By: Steve Dellar | 01-08-2018 | News
Photo credit: witter @AdvBarryRoux

H&M In Internet Storm For Black Kid 'Coolest Monkey In the Jungle'

||| witter @AdvBarryRoux |||

The internet went into overdrive after Swedish fashion giant H&M placed an image of a young black kid wearing a hoodie that read ‘coolest monkey in the jungle’ on its UK website.

Many criticized the image as tone-deaf and racist, wondering how in the hell such a picture could have possibly made its way onto the official H&M site.

Singer The Weeknd, who has in the past produced menswear collections with the chain, said he would be cutting any future relationship with the company due to the ad.

<blockquote class="twitter-tweet" data-lang="en"><p lang="en" dir="ltr">The Weeknd says he&#39;s cutting ties with H&amp;M after being &#39;deeply offended&#39; by an ad for the retailer showing a black child in a hoodie bearing the phrase &#39;Coolest monkey in the jungle.&#39; <a href=""></a></p>&mdash; CBC News Alerts (@CBCAlerts) <a href="">January 8, 2018</a></blockquote>

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Mr Alex Medina, who works in brand design, said it was negligent to place a black child in a top with such a slogan, while white children wore others: "In the year 2018 there's no way brands/art directors can be this negligent and lack of awareness. If look at other sweaters in same category they have white kids. We have to do better."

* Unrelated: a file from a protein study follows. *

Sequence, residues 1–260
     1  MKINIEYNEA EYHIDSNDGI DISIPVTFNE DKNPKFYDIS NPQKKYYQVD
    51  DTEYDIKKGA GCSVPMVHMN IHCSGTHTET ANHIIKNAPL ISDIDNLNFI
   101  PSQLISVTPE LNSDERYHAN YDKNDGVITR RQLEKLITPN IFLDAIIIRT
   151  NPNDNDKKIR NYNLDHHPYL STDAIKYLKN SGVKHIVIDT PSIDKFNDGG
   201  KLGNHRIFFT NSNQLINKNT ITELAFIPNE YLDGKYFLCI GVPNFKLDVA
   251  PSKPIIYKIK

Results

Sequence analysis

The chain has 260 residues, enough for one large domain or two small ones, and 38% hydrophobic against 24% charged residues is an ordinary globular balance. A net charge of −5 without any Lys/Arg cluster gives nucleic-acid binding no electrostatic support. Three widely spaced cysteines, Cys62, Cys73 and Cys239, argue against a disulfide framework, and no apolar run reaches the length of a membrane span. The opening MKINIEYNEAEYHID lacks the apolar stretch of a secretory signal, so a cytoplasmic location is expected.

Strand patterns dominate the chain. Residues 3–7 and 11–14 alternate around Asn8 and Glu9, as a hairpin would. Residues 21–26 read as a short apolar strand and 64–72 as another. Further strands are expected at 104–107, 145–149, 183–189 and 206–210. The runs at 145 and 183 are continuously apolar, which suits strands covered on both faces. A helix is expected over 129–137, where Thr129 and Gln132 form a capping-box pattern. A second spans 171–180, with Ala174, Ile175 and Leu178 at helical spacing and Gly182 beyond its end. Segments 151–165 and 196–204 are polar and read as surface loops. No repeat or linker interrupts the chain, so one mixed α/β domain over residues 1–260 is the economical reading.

<blockquote class="twitter-tweet" data-lang="en"><p lang="en" dir="ltr">H&amp;M has apologised for the model below wearing a &quot;coolest monkey in the jungle&quot; jumper. <br><br>Do people not stop the person who thought of it and say, &quot;this might not be a good idea?&quot; <a href=""></a></p>&mdash; Seán O&#39;Regan (@SeanOR95) <a href="">January 8, 2018</a></blockquote>

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A spokeswoman for the retailer said: "This image has now been removed from all H&M channels and we apologise to anyone this may have offended."

H&M is a Swedish fashion retail giant that employs some 160,000 people and has 4,300 stores in 64 different countries all over the world.

Shops have been introduced to the power of internet ads going viral in the past year already. Dove, owned by Dutch company Unilever was forced to apologize in October 2017 when a social media post that the company said: "missed the mark" representing black women. Introduced with the line "Ready for a Dove Shower?" the video, which has since been removed, showed a black woman removing a dark brown t-shirt to reveal a white woman.

Furthermore, the Nivea brand, which is part of German company Beiersdorf had to pull an ad in April 2017 which said: "white is purity".


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Anonymous No. 15623 2018-01-09 : 15:59

He does look kinda cool….

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